By Meleah Maynard, Hennepin County Master Gardener
My orchids didn’t get the best start in life, so it’s no wonder they’ve struggled over the years. Purchased on sale at the grocery store, found abandoned on curbs and plucked from end-of-the-season tables at big-box stores, these orchids are not the Best-In-Show sorts. But, having brought them home, I’ve felt duty-bound to try to do the best by them that I can.
Though they look delicate and elegant to the point of being unreal, it’s honestly not that hard to grow orchids if you pick the right ones and follow a few simple tips. Phalaenopsis, or the moth orchid, are probably the easiest ones to grow. Unlike other orchids, whose flowers can be short-lived, the moth orchid’s showy, colorful blooms (which some say look like moths) can last for weeks, usually from late winter into spring.
You don’t need any special lights to keep these plants happy. Just grow them in an east, west, or shaded south window, out of direct sunlight. You can tell when moth orchids are getting too little sunlight because the dark green foliage will look limp. Cattleya and Dendrobium orchids like the same light conditions and are also easy to grow. Unlike moth orchids that prefer to be watered when the potting mix is still slightly damp, these two orchids will do best if they’re watered when the mix is completely dry.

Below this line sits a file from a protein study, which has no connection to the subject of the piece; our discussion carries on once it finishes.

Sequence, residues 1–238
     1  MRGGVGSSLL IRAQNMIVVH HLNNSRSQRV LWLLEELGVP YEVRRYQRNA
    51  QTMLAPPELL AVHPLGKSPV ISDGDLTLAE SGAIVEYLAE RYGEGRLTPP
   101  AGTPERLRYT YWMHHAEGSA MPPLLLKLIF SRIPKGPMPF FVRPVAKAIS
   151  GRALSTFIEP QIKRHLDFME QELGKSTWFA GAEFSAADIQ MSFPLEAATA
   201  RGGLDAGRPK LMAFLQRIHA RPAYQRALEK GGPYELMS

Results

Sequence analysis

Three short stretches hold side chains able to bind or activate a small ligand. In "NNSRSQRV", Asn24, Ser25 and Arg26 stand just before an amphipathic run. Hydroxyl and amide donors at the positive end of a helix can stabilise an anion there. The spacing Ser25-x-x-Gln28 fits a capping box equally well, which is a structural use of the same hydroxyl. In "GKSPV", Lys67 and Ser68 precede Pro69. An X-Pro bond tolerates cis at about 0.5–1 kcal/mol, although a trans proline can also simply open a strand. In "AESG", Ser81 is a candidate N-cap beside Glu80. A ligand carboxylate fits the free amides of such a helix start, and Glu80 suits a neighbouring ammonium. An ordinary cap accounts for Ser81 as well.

Fertilizer is the key to getting orchids to rebloom, so be sure to fertilize every week when your orchids are starting to put out new growth as they head into the growing season. Back off to once every other week or even once a month after they’re finished blooming and are ready for a rest. Orchids bloom and rest, bloom and rest, so don’t be alarmed when those beautiful store-bought blooms fade away. Just cut off the spent stalk and keep watering and fertilizing.
You’ll find plenty of orchid fertilizers out there, but any houseplant fertilizer will do. When you feed your orchids, dilute the amount of fertilizer you use to a quarter of what the label recommends. You can always beef up your mixture a bit if you don’t get the growth you should.
Orchids do best in environments with reasonable humidity. So if it’s dry in your house, group your orchid pots on top of a tray or shallow dish filled with pebbles. Keep the water level low enough that the potting mix doesn’t get wet. Repot your orchids every one to two years, usually in the spring when you see new, green tips appearing on the normally white roots.
Next, get your camera ready because you’re going to want to take pictures of the beautiful orchids you grew without much fuss.